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McGill University
Religious Studies
RELG 201
Eric Bellavance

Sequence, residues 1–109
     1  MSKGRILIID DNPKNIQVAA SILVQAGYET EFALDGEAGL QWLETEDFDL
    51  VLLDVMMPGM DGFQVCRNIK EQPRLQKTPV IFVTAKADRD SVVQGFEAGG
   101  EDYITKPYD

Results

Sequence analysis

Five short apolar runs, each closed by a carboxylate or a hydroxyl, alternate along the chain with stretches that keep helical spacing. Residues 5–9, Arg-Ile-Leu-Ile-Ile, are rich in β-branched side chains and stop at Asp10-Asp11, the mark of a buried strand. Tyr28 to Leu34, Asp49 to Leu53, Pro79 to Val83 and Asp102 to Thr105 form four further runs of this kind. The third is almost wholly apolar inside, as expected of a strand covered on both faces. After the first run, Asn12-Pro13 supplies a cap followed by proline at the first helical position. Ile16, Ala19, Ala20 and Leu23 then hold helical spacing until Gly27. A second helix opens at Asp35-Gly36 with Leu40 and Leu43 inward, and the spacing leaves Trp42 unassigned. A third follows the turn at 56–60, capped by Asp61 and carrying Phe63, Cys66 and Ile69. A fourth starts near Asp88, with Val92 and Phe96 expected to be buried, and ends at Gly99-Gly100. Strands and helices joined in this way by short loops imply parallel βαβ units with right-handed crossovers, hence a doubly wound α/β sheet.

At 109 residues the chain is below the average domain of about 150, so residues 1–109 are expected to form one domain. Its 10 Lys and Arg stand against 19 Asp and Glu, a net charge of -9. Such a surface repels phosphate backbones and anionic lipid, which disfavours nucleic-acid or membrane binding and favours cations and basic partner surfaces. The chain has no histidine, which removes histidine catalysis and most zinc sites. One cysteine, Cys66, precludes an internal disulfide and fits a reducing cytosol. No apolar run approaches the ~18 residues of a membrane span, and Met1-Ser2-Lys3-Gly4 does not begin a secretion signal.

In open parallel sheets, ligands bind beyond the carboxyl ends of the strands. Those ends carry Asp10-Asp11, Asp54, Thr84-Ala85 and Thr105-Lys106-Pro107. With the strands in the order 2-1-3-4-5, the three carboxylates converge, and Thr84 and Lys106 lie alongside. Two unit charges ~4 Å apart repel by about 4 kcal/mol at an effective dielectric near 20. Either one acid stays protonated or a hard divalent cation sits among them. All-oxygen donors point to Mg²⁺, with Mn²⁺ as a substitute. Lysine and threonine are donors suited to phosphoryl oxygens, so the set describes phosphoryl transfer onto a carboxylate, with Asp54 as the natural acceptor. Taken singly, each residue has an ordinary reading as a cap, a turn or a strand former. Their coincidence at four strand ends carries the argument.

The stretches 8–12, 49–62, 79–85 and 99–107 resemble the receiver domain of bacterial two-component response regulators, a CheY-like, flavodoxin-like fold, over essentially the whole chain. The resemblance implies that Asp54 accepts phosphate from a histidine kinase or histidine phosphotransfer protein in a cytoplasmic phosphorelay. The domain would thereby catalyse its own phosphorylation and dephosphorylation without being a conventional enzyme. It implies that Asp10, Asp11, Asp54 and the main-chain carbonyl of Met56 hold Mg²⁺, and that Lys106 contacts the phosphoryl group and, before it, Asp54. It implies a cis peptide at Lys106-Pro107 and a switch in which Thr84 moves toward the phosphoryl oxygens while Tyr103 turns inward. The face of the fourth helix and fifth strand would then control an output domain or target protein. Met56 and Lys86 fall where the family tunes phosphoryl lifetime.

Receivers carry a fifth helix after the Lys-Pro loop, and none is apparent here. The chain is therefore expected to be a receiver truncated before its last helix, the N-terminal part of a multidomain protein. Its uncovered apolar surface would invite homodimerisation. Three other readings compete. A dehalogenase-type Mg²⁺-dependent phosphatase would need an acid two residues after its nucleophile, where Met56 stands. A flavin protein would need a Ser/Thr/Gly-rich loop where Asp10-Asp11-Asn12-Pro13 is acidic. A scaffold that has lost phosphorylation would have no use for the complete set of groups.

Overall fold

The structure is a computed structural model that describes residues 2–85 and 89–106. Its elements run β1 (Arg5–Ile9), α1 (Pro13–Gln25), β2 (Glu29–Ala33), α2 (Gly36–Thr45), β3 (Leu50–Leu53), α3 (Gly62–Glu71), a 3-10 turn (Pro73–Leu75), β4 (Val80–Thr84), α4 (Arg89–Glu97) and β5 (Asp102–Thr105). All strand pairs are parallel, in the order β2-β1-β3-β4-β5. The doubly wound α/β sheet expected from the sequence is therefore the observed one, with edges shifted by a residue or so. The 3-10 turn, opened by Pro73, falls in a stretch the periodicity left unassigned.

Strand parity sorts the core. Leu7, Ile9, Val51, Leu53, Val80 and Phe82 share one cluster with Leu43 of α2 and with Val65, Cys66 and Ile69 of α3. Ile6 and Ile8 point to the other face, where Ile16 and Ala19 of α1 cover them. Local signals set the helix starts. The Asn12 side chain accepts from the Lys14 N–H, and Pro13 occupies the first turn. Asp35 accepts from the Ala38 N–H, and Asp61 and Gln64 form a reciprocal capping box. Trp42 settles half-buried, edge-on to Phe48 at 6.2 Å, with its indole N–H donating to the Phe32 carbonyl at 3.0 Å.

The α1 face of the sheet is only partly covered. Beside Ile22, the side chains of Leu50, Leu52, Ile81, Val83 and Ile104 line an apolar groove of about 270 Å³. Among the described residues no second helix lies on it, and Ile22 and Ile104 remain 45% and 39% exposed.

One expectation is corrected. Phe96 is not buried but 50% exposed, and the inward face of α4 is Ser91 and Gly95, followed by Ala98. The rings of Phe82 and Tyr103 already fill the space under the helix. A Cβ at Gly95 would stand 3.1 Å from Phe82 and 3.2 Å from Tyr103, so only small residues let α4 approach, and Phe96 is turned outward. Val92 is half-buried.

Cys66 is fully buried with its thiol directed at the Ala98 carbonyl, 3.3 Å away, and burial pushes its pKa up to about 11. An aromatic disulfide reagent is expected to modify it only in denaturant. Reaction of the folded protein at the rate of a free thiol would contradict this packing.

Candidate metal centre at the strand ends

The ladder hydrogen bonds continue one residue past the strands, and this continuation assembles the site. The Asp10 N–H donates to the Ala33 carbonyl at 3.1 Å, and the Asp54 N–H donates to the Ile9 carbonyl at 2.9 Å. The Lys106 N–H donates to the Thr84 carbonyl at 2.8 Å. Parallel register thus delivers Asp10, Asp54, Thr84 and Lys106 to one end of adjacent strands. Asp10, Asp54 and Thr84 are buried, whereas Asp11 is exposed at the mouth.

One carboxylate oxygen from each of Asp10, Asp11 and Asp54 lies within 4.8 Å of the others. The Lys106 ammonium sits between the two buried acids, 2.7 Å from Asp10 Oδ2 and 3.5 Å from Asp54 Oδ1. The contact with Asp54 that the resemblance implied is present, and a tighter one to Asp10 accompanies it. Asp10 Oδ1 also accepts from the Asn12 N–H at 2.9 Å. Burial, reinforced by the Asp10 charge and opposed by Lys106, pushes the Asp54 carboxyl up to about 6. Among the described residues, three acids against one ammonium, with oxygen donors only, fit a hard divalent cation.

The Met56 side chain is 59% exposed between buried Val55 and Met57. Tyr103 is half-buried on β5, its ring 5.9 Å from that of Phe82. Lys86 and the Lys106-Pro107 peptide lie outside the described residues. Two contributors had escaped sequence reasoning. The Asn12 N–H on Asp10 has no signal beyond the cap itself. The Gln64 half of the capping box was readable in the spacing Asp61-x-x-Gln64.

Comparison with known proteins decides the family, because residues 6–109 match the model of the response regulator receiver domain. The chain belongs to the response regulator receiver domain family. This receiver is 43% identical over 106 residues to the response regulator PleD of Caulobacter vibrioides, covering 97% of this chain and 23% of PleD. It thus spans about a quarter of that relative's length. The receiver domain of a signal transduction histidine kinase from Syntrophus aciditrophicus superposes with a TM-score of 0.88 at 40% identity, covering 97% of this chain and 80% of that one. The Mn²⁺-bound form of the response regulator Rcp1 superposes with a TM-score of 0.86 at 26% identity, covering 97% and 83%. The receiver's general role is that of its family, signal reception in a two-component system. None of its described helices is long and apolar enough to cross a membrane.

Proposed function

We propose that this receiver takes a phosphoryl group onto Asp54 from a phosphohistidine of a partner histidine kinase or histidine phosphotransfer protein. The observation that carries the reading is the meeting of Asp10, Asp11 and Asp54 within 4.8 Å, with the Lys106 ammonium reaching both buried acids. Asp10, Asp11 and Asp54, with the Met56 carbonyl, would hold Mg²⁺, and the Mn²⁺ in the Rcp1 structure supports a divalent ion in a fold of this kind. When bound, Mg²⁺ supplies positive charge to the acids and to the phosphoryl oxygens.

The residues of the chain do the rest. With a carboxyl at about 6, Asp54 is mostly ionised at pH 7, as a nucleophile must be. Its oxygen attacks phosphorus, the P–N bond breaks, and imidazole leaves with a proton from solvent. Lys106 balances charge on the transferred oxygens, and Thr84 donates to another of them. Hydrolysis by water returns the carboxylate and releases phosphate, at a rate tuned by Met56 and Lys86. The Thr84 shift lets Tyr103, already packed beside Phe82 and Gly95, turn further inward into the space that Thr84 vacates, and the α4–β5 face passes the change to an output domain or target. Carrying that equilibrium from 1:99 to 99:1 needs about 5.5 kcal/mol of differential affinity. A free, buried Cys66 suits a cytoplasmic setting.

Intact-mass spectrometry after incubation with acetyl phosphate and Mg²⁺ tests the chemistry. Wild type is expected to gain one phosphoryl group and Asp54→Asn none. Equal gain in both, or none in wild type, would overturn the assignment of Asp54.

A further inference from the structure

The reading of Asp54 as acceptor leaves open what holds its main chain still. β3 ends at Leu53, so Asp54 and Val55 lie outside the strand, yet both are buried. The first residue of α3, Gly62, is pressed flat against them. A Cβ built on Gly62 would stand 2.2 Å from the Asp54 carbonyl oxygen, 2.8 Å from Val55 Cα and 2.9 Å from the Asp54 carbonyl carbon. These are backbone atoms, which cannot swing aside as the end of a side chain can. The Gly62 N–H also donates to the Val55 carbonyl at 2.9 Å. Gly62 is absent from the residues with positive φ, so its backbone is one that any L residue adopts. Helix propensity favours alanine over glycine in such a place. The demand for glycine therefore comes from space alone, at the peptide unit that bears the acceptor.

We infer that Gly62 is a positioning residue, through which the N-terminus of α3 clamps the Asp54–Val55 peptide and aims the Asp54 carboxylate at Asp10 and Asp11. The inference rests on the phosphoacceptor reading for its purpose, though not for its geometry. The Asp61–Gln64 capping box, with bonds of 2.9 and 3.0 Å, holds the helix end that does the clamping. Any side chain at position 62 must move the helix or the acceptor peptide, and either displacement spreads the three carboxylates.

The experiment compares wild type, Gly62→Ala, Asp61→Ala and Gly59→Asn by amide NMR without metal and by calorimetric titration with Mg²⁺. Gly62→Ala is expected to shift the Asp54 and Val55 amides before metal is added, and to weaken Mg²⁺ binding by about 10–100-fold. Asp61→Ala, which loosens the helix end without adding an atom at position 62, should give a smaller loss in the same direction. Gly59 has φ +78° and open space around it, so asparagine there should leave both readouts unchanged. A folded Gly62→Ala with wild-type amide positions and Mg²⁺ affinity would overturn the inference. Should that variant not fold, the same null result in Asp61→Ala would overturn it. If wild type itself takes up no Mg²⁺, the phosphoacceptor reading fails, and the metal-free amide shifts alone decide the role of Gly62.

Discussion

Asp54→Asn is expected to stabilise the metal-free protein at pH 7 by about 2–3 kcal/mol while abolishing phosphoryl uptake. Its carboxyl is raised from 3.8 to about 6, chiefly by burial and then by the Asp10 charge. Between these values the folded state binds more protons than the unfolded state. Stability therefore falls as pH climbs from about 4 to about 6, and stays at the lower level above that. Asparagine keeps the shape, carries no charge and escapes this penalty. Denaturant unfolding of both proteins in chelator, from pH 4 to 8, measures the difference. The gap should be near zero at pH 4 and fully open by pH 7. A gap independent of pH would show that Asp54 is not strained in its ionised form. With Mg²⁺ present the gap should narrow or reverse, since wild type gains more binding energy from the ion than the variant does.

Egyptian religion General introduction on Ancient Egypt - Geography and theology - The gods and goddesses of Egypt: the myth of creation (theogony) - Well known in Western world through the Bible o However Biblical authors don’t speak very much about Egyptian religion - Greek authors were the first non-Egyptians to write about Egypt, e.g. o Herodotus (485-430 BCE) wrote his second book all about ancient Egypt – problem w/ his writings is that he didn’t speak Egyptian; spends much time comparing Egypt to Greece and demonstrating Greek superiority; he spent a few weeks in Egypt; was a bit confused by Egyptian gods o Plutarch (46-120 CE) was the first to really write about Egyptian religion and theology; he lived in Egypt for a while and even died there; tried to understand Egyptian theology through its mythology; main problem – didn’t understand hieroglyphs (Egyptians used demotic writing in everyday life and hieroglyphs in religious writing), so he made some mistakes on translating them  Even the Egyptians couldn’t decipher the hieroglyphs at this time (perhaps v. few priests could but in general no one understood this) th - Napoleon, at the end of the 18 century, went w/ several ships and scientists to Egypt to conquer it o The scientists made many drawings of temples, etc that they saw o They also found ancient texts that they couldn’t read, so they made copies of them - The French, when they were fighting the British, found the Rosetta Stone and made a copy of it - Jean-Francois Champollion used the Greek on the Rosetta Stone to translate the hieroglyphs on the stone o This allowed them to begin studying religious texts (e.g. those on obelisks) Geography of the Region - Everywhere near the Nile is v. fertile; the Nile is the source of life for the Egyptians - The Nile is always good (not like some Sumerian myths where the rivers are capricious, sometimes causing floods, etc) – if it floods, the flood was v. small - Hapi – god of the Nile and fertility; good god; half male, half female (head of man, body of woman) – seen giving anhk to people which symbolizes life (?) - Khnum – potter god, head of ram, makes creatures/humans which the other gods then give life to by touching their lips with ankhs - There are deserts on both sides of the Nile – this was the kingdom of the dead, and this was where most cemeteries were built - Eastern desert – good side; Western desert – bad side, sun sets there, land of the dead - Seth – evil, god of chaos, god of the desert (enemy of Horus and Osiris) - Egyptians were v. afraid of the desert Egyptian Mythology - Beginning – there was water everywhere, and in the primeval water there were 4 gods and 4 goddesses o Hok and Hoket (everything that ends w/ “t” is feminine) – represent formlessness o Kuk and Kuket – represent darkness o Amun (Amon) (god of the city of Thebes) and Amunet – represent hiddenness  At first Amun was not v. impt but then when Thebes became the capital he became v. important and became associated w/ Ra the sun god o Nun and Nunet – represent primordial waters - Atum – first to rise from the waters, standing on a hill (benben) o Creates human beings (also created himself and his two kids – in different myths, either through masturbating or spitting) o His two kids: Shu (air god) and Tefnut (moisture) o Geb (the earth) o Nut (the sky) – goddess o Shu, the father of Geb and Nut, separates them - Essentially, it starts with more chaotic gods and moves into more “organized” gods/more important gods - Osiris, Isis, Seth, Horus the elder, Nephtys – children of Geb and Nut - Osiris was originally an agrarian god - Death, resurrection, fertility - Eventually becomes the most impt god of the underworld – protects the dead and helps them to resurrect - Green skin – possibly because he’s dead and that’s the colour the skin turns when embalmed; possibly b/c he’s the fertility god - Isis – wife of Osiris, mother of Horus (not the same as Horus the elder) – v. popular goddess but origins are not well-known (we don’t know where she was first worshipped); stole Ra’s name - Seth – evil god, god of chaos, desert god, represents the night/darkness - Nephtys – wife of Seth; not v. well-known or popular; sometimes is the goddess of sadness (Seth doesn’t much like her) - Horus the elder – sky god; right eye is the sun, left eye is the moon; human body, falcon head; his eye is a v. powerful magical symbol later used by Ra - Thoth – god of wisdom, writing - V. famous myth about Osiris: o Talks about the resurrection of Osiris – v. impt b/c if Osiris was able to resurrect, eventually humans would be able to as well o Osiris and Isis taught humans agriculture – did well, Egypt was flourishing o Osiris became the first pharaoh o While Osiris is away, his evil brother Seth is trying to do terrible things to Egypt o Isis however was still there to take care of Egypt while Osiris was gone o Isis knew the true name of everyone, so she could cast a spell or curse on anyone (some people had secret names) o Seth was angry at Osiris b/c he was the pharaoh and by extension he was mad at his wife Isis too o Seth took the measurements of Osiris and made a coffin for him and threw a big party where he invited Osiris but not Isis o Seth announced that whoever fitted the coffin exactly would get it as a gift o As soon as Osiris lay in the coffin, Seth sealed it and threw it in the Nile o After a few days, Osiris died (first god to die) o The coffin drifted outside of Egypt as far as Byblos o Isis and Nephtys tried to find Osiris’ body, which they did in Byblos o Osiris’ body was buried in Egypt – Seth was angry about this so he found him, cut him into 13 body parts and strew him around o Osiris and Isis found 12 of the pieces but couldn’t find the penis, which had been eaten by fish o Isis had to make an artificial, magical penis, b/c to resurrect, the body had to be complete o Isis was the first to make a mummy, w/ Osiris; then she blew into his nostrils and he was resurrected (first god to be brought back to life) – not back to life on earth, but in the underworld, which is why he became the god of the dead (king of the underworld) o After he was resurrected, he and Isis made love and Isis magically conceived Horus (w/ the magic penis) - Horus and Seth fought for 80 years and was finally declared ruler of the living (new pharaoh), leaving Seth to rule the deserts as the god of chaos and evil - In most cases, the pharaohs were associated w/ Horus during their reign and w/ Osiris after their death - The afterlife was thought to be basically the same as life here except easier and lasted forever - Knum, the potter god w/ a ram head, created humans out of clay – full time job - Ka: when Knum creates you and you go to earth, the ka is waiting for you in the afterlife; when you die your body will reunite w/ the ka and you will resurrect (ka – similar to personality/lifeforce) - Ba: soul; gets you water/food in the afterlife Lecture 17 The First Dynasties The building of the pyramids Religion in the Old Kingdom period - Nagada – main god was Seth; this city often fought w/ the city of Abydos – the main god of which was Osiris o This may have been the reason that these gods fought so often in myths - Dynasty zero – before there were pharaohs that ruled over all of Egypt The “Scorpion King” fought the king of Nagada in Dynasty 0; he was the first to control the south of Egypt o He is called the scorpion king b/c we don’t know his name but he is always shown on inscriptions with a scorpion near him - One of his successors took over the rest of Europe - There were 31 dynasties in Egypt (according to Manetho, 3 c. C. E. - First dynasty: 3150-2925 B. C. - Beginning of monarchy = first pharaoh - Pharaoh = “great house”; in depictions, pharaohs are usually larger than their enemies - Pharaohs are living gods on Earth, believed to be living incarnations of Horus (son of Osiris)(remember Osiris was the first mythological pharaoh) - During 3 and 4 dynasties there weren’t any temples, just pyramids – represents pharaoh’s growing importance, possibly even more impt than the gods - First capital of Egypt was Memphis - First pharaoh = Narmer; came from the south; may have been the first to unite Egypt - No pharaohs existed before the unification of Egypt - The palette (like a tablet) of Narmer commemorates his conquest of northern Egypt; there is no writing on it o Includes gods helping Narmer on the battlefield o He resembles Osiris in this inscription – possibly he was considered closer to Osiris than Horus, but we don’t know o Starts w/ southern crown, ends w/ northern crown – symbolizes taking of Northern land o Intertwined animals w/ lion heads o Probably used to grind makeup powders (used on the statues of the gods) - There are three crowns – the southern crown (upper Egypt), the northern crown (lower Egypt), and a fusion of the two – the crown of united Egypt o We have found no crowns from Egypt (we’re not sure why not) st nd - We don’t know many details about the 1 and 2 dynasties - Most of the pyramids were built during the 3 and 4 dynasties – during the Old rd th Kingdom (2700-2200; 3 – 6 dynasties) first golden age of ancient Egypt; power of pharaohs declines in 5 and 6 centuries – worshipped as sons of gods, not as actual gods - 3 dynasty: 2700-2625 th - 4 dynasty: 2625-2510 - Pyramids: not temples, but had an impt religious role – people didn’t go there to perform rituals or anything; tombs of the kings (and sometimes queens/high officials) - Before pyramids, tombs of the kings were called Mastabas (esp. in ancient Egypt) – pyramids were modelled on these - Pyramids replaced the Mastabas in the 3 dynasties rd - They helped the pharaohs to ascend to heaven - The first and most famous step pyramid was built in Saqqarah for pharaoh Djoser (architect: Imphotep) – Djoser pyramid - This pyramid was built on top of a Mastaba - King Snefrou, founder of the 4 dynasty (new family; we don’t know why though) built 3 st nd rd pyramids – 1 started by his father, not v. nice; 2 is blunted/bent; 3 – Red Pyramid; finally right; the first perfect pyramid (no steps) - There are no inscriptions inside the pyramids - We know it was Snefrou’s tomb b/c of some graffiti found inside, written by a priest - Pyramids of Giza: Khufu (Cheops); Khafra (Chephren) and Mankaure (Mykerinos) - Khufu (2590-2565): son of king Snefru - Khufu’s pyramid was one of the 7 wonders of the world - Pyramids were designed to help the pharaoh ascend to heaven and become a star; meant that if the pharaoh could resurrect, so could all of the people Lecture 18 Documentary Excerpts - Pyramid of Khufu- built according to “a secret code w/ the power to perform a miracle” - Only one of the 7 wonders of the world that is still intact - Royal officials went along all of Egypt selecting able-bodied men for the service of the king o They owed everything to the king, and now had a chance to repay him o Essentially conscripts – no slaves - The annual flood every year meant that Egyptian farmland was unusually rich – the workforce didn’t have to spent all of their time in agriculture, but instead had time for other things, i.e. pyramid building o At that time, Egypt was in a v. good state; no war, drought, etc - The first pyramid was constructed w/ steps – 6 large rectangles of stone, laid on top of each other - The first mountain of dry land that emerged from the chaos of water (in Egyptian myth) was pyramid-shaped o The shape symbolises life - Khufu came out to the area of the pyramids for a ceremony - The Egyptian measured everything by the stars, and did so by realising that the stars all moved – all except one dark, still point; two stars revolve around it - Khufu’s architects spent a lot of time devising a way to build the biggest pyramid - Begin w/ a strong base; over 200 courses of limestone bases, each a little smaller than the other - On the Giza platform, the area was levelled and swept, then the foundation was built - 3 chambers (unique) – one higher up in the pyramid, one dug into the desert rock floor, one in a huge internal gallery - Size of 10 football fields; 25000 workers; moved 1000 pounds of stone every day - Hieroglyphs found in another pyramid tell the story of the kin